Pick Up Your Toys!

Around our house we often find an assortment of toys that the children have left out after play.  This is one of the most aggravating things about having children, in my opinion.  I accidentally stumbled upon a strategy to get the toys picked up quickly.  My boys are 6 and almost 4 years of age.  My 6 year old has Aspergers Syndrome, and can be a bit difficult to manage.  (To put it mildly.)  So we must sometimes find creative ways to get necessary jobs done without a lot of resistance.  This is one of them.  I can’t guarantee it will work in your home, but it’s worth a try.

Step One: 

Purchase or borrow a copy of The Mouse and the Motorcycle, by Beverly Cleary.  Read it to your children.  Or, if you are pressed for time, play the audiobook for them.  This is great to listen to in the car.  As a last resort, you can use the movie.   You will notice that there is a dramatic scene in the story where Ralph is almost sucked up by the vaccuum while riding the motorcycle. 

Step Two:

This happened automatically for us, but if it doesn’t, subtly emphasize the fact that the mouse and his motorcycle are almost sucked up by the vaccuum.  This was the main point that my son took from the story, without me saying a thing.  Things can be sucked up by the vaccuum cleaner.   Ok, so I took advantage of it.  <evil cackle>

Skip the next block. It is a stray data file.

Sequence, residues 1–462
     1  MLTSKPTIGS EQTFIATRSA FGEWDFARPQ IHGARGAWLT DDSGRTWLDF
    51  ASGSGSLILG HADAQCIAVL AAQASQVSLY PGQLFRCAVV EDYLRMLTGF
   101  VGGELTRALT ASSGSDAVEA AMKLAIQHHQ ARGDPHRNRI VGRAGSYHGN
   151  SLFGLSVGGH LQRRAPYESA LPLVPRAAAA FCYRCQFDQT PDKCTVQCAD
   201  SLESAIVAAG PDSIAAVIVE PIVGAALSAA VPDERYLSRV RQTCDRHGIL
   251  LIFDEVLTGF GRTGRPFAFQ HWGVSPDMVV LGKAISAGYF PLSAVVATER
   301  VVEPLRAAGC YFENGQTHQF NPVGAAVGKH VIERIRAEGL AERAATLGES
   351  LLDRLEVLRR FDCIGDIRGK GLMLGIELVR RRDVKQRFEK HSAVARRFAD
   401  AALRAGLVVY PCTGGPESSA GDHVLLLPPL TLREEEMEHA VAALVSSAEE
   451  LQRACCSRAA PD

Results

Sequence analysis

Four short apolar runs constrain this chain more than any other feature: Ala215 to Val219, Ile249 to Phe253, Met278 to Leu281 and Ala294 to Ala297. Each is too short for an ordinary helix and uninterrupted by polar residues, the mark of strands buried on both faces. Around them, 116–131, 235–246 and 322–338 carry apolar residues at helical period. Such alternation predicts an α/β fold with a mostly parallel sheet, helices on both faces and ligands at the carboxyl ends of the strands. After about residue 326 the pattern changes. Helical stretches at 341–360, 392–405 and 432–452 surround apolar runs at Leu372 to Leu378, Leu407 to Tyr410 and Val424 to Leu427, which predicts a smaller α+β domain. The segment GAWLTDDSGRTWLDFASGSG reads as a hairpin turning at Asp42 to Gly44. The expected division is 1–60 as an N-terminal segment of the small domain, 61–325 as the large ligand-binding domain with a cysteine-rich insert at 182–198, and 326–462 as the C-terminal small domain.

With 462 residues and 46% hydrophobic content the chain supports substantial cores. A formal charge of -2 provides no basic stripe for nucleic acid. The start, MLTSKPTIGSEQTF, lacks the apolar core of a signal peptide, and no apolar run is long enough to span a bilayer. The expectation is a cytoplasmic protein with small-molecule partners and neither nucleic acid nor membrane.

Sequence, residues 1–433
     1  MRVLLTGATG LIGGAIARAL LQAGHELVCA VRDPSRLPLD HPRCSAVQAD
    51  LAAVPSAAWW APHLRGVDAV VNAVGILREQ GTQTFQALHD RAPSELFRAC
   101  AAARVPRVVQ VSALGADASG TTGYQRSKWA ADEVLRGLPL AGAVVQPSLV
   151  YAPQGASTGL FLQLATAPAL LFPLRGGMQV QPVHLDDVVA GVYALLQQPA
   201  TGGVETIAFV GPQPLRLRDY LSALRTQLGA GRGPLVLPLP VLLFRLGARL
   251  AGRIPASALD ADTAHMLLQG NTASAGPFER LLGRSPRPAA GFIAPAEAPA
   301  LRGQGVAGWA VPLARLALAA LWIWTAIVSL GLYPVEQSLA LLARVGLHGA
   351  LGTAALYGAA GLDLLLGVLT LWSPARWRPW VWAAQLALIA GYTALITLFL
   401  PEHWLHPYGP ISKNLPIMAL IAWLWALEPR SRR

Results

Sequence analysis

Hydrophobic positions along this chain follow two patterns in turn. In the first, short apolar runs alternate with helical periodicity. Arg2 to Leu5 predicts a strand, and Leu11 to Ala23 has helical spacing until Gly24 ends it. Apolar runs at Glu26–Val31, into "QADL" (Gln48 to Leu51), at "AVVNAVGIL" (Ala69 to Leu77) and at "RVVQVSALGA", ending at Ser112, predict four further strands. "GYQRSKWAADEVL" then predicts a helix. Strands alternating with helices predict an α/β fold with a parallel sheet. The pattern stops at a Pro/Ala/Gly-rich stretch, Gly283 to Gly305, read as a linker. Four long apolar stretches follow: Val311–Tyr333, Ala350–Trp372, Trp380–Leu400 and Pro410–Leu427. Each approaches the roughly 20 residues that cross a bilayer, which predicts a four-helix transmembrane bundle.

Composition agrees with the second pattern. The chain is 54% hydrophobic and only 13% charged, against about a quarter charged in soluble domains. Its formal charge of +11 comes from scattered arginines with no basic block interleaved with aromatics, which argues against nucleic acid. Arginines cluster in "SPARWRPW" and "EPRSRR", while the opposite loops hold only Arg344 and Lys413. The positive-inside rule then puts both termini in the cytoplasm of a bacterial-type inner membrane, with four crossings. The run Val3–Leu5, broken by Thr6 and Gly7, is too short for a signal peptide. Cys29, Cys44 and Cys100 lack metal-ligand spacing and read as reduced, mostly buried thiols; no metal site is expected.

Step Three:

When you are about to take out the vaccuum to clean, casually say to your children, “I’m going to vaccuum now, please put away whatever might get sucked up.”  Or however you want to word it.  Try to be matter-of-fact about it.  Hopefully your children will rush off to rescue the toys.  Don’t give them much time.  Turn on the vaccuum in an area that is free of toys and start working your way around, keeping an eye on them to see that they keep picking up.  If you see a toy when you are cleaning,  point it out to them.  Have fun with it.  Talk to the vaccuum.  “No!  Don’t do it, vaccuum!”  Act very alarmed.  “Uh, oh, he’s going after another one!”  “Look out toy!”  “Oh no!”

For us, it gets the toys picked up quickly.  Score one point for the parents!  I hope it works for you too.



  1. Health Diva said,

    October 22, 2008 at 3:01 pm

    Very clever! Kudos for you and having such creativity when dealing with an Asperger’s child. I know how difficult it is when you don’t live in “their world” and you have manage to show the child he is welcome to live in yours.

  2. Nanny said,

    July 20, 2011 at 12:50 am

    I came across you blog while doing research on Splenda ingredients…Anyway, found this title interesting since I care for children.

    What a great suggestion! I’m a caretaker for a 4 year old that is autistic and although he is high functioning it’s still a struggle for clean up time. Thanks!

  3. Nanny said,

    July 20, 2011 at 12:51 am


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